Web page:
Kevin Gray and his wife, Natalie, packed up their life in the Bronx two years ago and moved to an apartment in Yonkers. Their goal: to get their daughter into the school district's diverse and celebrated universal pre-Kindergarten.
Months later, Gray learned the very school program he turned his life upside down for was slated to be cut.
"They had this one shining jewel in their crown: Yonkers pre-K was a light at the end of the tunnel. Then we moved here and the tunnel went dark," Gray said.
Yonkers officials aren't alone in trimming, altering or entirely eliminating pre-Kindergarten programs. Almost a decade after the state promised publicly funded preschool for all, fewer than half of New York's approximately 230,000 4-year-olds have access due both to stalled state funding and local budget crunches, according to the state Education Department.
What's more, enrollment in the program throughout the state is dropping as schools cut programs to meet their dwindling budgets. There were about 4,200 fewer 4-year-olds in pre-Kindergarten in 2010-11 than in 2009-10, or a 2 percent decline, according to a National Institute for Early Education Research report released in April.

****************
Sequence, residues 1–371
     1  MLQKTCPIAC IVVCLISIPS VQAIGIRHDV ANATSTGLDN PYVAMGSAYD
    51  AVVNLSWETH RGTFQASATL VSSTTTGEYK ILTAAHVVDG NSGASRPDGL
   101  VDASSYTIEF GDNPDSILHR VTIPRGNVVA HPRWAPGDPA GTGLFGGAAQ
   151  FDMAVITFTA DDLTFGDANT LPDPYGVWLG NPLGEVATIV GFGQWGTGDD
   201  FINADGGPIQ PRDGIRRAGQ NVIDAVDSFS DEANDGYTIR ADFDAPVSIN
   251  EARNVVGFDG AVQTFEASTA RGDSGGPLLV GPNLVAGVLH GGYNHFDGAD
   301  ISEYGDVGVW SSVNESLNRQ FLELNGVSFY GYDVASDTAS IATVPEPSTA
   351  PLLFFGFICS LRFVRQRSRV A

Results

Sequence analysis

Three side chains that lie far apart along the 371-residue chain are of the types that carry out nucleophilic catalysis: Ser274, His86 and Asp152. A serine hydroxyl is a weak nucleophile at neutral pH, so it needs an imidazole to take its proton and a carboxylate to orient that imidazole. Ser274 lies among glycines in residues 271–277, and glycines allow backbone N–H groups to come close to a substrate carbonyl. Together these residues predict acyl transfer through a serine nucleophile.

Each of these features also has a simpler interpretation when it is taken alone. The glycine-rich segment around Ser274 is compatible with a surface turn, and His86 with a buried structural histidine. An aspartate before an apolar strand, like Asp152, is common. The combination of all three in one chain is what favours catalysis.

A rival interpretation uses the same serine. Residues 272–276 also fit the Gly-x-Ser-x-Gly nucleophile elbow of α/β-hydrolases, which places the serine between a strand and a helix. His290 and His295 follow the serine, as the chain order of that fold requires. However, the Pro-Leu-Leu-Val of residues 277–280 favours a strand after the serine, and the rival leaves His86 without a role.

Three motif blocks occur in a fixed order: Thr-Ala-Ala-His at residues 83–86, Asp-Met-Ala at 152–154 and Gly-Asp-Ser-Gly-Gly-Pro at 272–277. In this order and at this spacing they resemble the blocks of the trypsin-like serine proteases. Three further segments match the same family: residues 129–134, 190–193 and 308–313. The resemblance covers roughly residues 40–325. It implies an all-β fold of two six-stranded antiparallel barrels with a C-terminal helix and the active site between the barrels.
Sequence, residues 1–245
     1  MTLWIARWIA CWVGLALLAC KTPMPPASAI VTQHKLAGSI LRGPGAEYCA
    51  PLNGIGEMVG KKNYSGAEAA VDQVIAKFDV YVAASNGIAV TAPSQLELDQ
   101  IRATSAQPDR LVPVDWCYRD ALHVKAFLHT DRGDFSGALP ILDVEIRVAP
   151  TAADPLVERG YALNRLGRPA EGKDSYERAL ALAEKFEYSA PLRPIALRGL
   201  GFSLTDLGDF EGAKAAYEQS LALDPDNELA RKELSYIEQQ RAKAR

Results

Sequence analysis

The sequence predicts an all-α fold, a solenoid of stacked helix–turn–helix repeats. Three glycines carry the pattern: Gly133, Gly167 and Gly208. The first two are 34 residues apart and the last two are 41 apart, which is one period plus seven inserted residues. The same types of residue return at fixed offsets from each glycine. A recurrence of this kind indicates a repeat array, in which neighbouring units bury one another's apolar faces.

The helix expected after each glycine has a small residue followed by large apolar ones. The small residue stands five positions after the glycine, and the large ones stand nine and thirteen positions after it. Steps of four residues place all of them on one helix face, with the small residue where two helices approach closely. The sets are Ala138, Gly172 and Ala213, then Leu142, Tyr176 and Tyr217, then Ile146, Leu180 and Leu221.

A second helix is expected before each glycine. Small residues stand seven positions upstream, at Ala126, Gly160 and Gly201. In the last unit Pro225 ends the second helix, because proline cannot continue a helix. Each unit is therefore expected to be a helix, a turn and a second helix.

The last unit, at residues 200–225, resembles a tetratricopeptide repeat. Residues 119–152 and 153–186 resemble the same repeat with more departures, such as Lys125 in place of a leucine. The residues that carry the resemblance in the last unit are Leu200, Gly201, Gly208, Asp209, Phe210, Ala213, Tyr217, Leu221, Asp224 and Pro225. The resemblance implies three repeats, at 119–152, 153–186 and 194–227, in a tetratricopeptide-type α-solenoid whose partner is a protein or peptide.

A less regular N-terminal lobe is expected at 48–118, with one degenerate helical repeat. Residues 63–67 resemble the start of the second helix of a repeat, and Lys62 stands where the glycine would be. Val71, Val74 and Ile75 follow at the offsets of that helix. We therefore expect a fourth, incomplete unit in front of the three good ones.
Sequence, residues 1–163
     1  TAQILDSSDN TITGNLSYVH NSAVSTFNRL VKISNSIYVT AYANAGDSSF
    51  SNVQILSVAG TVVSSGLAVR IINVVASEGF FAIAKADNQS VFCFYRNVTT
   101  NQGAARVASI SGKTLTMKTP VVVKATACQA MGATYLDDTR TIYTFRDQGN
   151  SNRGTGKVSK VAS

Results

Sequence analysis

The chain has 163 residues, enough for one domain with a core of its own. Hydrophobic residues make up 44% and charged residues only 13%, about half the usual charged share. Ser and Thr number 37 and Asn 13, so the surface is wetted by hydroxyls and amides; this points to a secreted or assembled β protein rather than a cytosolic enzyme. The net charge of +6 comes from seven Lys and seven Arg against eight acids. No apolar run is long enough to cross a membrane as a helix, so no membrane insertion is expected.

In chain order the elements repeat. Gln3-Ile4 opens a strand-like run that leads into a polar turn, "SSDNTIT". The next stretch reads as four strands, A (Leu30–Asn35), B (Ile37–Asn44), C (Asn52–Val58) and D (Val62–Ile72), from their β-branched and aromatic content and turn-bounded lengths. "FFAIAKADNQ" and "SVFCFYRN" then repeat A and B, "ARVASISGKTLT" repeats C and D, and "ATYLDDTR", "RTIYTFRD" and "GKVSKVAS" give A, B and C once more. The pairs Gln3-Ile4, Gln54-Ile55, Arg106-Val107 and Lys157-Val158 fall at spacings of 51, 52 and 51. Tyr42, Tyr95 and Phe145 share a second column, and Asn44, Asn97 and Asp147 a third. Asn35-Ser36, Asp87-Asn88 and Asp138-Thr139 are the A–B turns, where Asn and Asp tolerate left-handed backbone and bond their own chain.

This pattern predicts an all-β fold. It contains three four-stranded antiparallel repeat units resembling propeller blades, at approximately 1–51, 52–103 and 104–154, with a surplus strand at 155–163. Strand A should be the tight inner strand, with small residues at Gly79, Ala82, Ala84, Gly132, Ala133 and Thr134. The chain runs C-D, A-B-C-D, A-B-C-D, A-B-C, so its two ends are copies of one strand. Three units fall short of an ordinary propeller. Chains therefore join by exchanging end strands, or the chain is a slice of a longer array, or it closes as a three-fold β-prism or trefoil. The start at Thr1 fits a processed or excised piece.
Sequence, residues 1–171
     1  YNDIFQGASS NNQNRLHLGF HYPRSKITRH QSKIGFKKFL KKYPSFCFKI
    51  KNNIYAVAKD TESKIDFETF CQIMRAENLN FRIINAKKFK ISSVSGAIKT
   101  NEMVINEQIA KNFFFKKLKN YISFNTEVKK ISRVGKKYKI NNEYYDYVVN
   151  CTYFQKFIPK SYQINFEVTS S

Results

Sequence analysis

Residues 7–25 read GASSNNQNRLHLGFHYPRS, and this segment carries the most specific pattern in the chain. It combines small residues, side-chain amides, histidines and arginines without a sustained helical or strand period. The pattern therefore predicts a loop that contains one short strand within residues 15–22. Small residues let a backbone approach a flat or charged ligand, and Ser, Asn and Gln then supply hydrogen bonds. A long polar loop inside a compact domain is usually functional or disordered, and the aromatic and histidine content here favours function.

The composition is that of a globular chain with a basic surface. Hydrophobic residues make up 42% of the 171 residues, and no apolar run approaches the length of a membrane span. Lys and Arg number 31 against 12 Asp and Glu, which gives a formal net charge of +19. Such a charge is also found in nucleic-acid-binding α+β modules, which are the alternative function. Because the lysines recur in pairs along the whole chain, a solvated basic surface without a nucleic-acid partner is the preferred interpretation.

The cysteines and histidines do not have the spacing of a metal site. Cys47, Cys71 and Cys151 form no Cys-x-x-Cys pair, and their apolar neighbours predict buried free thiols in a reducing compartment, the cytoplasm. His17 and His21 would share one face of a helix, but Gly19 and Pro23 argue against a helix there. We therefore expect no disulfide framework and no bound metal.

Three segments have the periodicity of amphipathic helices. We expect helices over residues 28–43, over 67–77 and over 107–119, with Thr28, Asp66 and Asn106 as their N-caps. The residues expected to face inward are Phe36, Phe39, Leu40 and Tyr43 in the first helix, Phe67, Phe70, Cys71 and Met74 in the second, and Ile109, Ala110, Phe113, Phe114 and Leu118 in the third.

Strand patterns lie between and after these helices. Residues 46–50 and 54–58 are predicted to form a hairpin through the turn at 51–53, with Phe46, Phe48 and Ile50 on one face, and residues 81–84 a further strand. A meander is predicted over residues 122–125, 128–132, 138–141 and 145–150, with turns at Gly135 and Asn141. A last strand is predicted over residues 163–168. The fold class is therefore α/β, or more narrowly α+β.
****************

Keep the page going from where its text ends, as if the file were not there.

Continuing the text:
State Education Commissioner John King Jr. wants to see that trend reversed and is calling for an increased state investment in early education.
"Despite the fiscal climate, the long-term returns on investment in early childhood education are very significant," said King, who plans to make universal preschool funding one of his top education priorities.
"This is the wrong moment to be retreating from early childhood education," King said.
King and the state Board of Regents this year advocated adding $53 million to the current $414 million state investment in universal pre-K. An analysis also suggested changes to the funding structure. However, pre-Kindergarten funding remained flat in the adopted state budget.
Gov. Andrew Cuomo's office did not respond to multiple requests for comment.
Research shows that early education, especially among at-risk students, improves graduation outcomes and can even save money later for schools. A study by Yonkers Public Schools, which evaluated pre-Kindergarten during a 10-year period, found that students who attended the program outperformed their peers on tests and graduation rates by double-digit margins.
"We would save so much money in education if we concentrated on the early education process," said Yonkers Public Schools Superintendent Bernard Pierorazio.
State funds flat, district money squeezed
During the past decade, stops and starts in state funding restrained districts from adding pre-K programs, according to a Board of Regents analysis. In 2001, funding was trimmed back and then frozen for five years. The program got another boost of money from 2006 to 2008. Since then, funding has remained flat.
Three Hudson Valley school districts -- Briarcliff Manor, Florida and Hyde Park -- were among 14 statewide to be awarded planning grants in 2007-08. Those districts never began pre-Kindergarten programs because state funding stalled.
Putnam County, which consists of middle-class and wealthy districts, is the only county in the state in which not a single community has a universal preschool program.